10 Tips For Achieving A Zero-Waste Kitchen

Appliance City - Food & Home

If you love food as much as I do then you’ll be surprised to know that around 15 million tonnes of food is thrown away every year in the UK. Nearly 50% of that comes from our homes and most likely our kitchens. That’s a lot of food! And that’s not the worst of it – the majority of the food we throw away could be eaten.

To help reduce the amount of waste you create in your kitchen take a look at our list of useful tips.

1.) Don’t Peel Vegetables


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Peeling vegetables such as potatoes carrots and parsnips, is not necessary. They are perfectly edible and it just so happens that the most nutritional part of a vegetable is just under its skin.

For peels that are not so tasty and rather tough, such as lemon peel or ginger, try using them in other ways. Lemon peel can be used to sanitize work surfaces and ginger peel can be used to brew ginger teas. Just remember to use them for compost after!

2.) Reuse Coffee Grounds


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Believe it or not, coffee grounds can be used for more than just making a yummy cup of coffee. Once you’ve used them keep them, there’s no need to throw them away. Use them to fertilize your plants and keep pests and ants away, or even use them for homemade beauty treatments such as face masks or exfoliators.

3.) Use Fruit and Veg No Matter What


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If you have any fruits or vegetables that have been damaged or are overripe, don’t discard them straight away, they can still be used to whip up some delicious treats! Take bananas for example; when brown and overripe they are at their best to make banana cake.

There are so many recipes online that will help you use up your fruit and veg, so there’s no excuse for them to end up in the bin!  Check out these ‘Top Ten Ways to Use Up Overripe Fruit‘ from The Kitchn.

4.) Make The Most Out Of Your Bread


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Nearly 11% of the food we throw away is some form of bread or pastry, most likely because we deem it as inedible due to it turning stale or even mouldy. However this does not need to be the case. You can easily eliminate the risk of mouldy bread by only buying what you need; there are plenty of small loaves available in supermarkets these days!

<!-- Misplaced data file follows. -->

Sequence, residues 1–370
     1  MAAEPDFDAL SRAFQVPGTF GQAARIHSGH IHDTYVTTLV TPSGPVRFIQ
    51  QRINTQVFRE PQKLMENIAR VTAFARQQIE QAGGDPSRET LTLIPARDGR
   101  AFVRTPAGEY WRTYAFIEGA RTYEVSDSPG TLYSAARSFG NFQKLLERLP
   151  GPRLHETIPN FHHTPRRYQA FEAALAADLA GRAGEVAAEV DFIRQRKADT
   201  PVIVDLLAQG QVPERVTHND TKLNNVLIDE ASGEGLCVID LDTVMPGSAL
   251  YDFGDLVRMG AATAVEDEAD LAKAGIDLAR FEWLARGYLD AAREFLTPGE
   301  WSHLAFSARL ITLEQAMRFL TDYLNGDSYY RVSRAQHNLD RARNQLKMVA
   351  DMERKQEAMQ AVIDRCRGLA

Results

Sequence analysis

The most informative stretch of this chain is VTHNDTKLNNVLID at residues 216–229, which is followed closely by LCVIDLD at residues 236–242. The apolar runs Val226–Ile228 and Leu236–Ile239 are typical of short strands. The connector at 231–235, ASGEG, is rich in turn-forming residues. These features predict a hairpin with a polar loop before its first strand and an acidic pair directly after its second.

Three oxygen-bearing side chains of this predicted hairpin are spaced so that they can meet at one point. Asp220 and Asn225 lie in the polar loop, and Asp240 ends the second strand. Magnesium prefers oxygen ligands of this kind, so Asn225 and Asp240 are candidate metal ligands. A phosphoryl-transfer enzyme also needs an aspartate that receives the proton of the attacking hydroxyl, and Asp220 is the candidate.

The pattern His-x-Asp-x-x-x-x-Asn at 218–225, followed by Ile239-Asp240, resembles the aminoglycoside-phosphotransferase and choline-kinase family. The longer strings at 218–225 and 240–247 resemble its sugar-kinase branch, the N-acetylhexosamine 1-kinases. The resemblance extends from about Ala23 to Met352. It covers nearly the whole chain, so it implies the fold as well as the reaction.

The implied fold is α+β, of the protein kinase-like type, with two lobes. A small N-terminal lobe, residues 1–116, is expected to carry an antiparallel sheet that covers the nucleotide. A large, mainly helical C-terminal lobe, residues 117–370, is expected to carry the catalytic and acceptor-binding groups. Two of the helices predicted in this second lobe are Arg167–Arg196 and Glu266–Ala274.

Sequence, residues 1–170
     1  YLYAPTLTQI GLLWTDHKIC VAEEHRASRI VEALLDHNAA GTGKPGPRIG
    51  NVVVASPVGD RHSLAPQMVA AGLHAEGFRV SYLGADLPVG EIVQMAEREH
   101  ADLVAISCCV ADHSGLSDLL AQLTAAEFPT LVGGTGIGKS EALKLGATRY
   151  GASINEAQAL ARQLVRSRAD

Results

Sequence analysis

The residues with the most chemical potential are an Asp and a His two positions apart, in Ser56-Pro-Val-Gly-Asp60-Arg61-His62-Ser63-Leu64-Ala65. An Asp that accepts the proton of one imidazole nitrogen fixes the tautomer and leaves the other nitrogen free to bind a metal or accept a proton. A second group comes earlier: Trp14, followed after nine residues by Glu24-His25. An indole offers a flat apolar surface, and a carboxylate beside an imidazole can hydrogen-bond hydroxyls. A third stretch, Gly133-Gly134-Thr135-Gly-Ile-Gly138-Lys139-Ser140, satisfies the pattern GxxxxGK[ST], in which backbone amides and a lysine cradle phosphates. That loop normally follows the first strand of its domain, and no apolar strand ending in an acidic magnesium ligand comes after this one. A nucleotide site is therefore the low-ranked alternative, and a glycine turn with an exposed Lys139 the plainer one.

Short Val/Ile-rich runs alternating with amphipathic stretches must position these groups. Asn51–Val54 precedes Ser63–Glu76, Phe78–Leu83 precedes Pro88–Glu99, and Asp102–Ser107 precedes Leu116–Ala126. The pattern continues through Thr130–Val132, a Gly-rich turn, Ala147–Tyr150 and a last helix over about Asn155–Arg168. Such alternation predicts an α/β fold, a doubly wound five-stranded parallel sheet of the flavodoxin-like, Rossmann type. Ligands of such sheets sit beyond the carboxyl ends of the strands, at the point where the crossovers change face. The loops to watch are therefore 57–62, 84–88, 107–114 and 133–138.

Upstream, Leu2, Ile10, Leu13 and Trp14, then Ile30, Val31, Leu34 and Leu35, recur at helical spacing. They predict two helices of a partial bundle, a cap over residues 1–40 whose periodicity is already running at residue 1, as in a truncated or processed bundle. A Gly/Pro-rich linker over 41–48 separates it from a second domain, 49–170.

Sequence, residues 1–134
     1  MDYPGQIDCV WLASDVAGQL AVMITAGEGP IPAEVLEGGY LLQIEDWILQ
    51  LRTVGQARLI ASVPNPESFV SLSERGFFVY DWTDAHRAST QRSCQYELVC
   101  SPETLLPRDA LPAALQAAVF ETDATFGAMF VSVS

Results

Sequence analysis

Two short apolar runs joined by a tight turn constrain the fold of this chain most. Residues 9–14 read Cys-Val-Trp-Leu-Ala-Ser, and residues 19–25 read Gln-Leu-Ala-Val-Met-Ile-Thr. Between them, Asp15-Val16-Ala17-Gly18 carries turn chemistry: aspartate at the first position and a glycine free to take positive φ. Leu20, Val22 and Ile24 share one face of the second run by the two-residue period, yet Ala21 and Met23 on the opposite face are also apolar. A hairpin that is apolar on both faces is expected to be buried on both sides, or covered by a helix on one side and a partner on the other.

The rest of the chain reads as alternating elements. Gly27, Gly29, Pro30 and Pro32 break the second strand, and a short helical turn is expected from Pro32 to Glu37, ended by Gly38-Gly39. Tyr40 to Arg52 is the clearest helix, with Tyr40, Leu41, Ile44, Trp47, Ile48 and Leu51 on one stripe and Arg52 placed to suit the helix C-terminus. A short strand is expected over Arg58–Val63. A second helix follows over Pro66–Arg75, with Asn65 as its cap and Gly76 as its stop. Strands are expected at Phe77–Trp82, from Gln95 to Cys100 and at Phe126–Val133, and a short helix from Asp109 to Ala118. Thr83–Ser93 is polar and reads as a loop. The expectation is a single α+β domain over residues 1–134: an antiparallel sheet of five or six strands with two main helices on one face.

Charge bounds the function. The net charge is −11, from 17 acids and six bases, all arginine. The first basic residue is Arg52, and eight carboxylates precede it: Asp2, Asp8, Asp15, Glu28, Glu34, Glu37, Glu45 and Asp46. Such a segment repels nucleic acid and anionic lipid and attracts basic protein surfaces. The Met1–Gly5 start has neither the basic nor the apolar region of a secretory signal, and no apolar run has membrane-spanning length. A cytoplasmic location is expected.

Stale bread can also easily be whipped up into something delicious or incorporated into a recipe. Take a look at this post from First We Feast for ten fantastic ways to use up your stale bread.

5.) Plan Your Meals


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Planning your meals may sound pretty simple but it’s one of the most effective ways to reduce your food wastage. Be sure to check your cupboards and write a list before you go food shopping to ensure you don’t buy things you already have or you don’t need. The number one rule is to stick to the list – if it’s not essential, don’t buy it!

6.) Store Your Food Correctly


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Not storing food the right way is one of the most likely reasons for items perishing quickly and in turn causing you to throw them away. Be sure to store each of your food items in the conditions best suited to them. If you didn’t see our post on items you can freeze and those you can’t, take a look at it here and be sure you keep what needs to be cold – cold , what needs to be dry- dry and so on.

7.) Take Your Lunch To Work

 
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Although we throw away tons and tons of edible food in our kitchens every year we still, for some reason, go and buy even more food when we’re at work for lunch! On average, workers in the UK spend £5.5 billion a year buying additional food on their lunch breaks. Make more use out of your left over foods at home and save yourself money by taking it to work for lunch. I bet you’d save a pretty penny in a year if you did that!

8.) Buy Condiments and Spices Wisely

 

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You may not think you waste a lot of condiments or spices but even wasting the smallest amount adds to the overall food wastage in the UK a year. 140, 000 tonnes of condiments and spices are collaboratively wasted ever years costing around £650 million!

To minimise your spice wastage make sure you don’t buy a particular spice just for one recipe as only a small amount is usually needed and  it is likely you won’t use it again before its past its best.

Whether you throw away a few spoonfuls of jam or half a jar of left over tomato sauce, everything adds up. The motto here is to use everything and stores all condiments carefully to ensure they are kept fresh and edible.

9.) Cook Just Enough


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Cooking the right amount can be a tricky task. I for one, am renowned for cooking far too much rice or pasta. But being extra careful when it comes to portions is a great way to cut your wastage down and save you money. Check out this portion calculator by Love Food Hate Waste, you can calculate anything from how much rice to cook for 2 to how many potatoes to cook for 15!

10.) Best Before and Display Until Dates


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To put it simply, ignore these! Best before and display until labels on food are for shop staff not for shoppers. Best before labels do not refer to food safety so do not through away food just because it has exceeded its best before date. The likelihood is it is still absolutely fine to consume!

Use by dates are the only ones you should take caution to as they do refer to the safety of produce but to extend the life of food you can freeze it before its used by date to keep it fresh and ready to eat. When defrosted just be sure to consume it within 24 hours.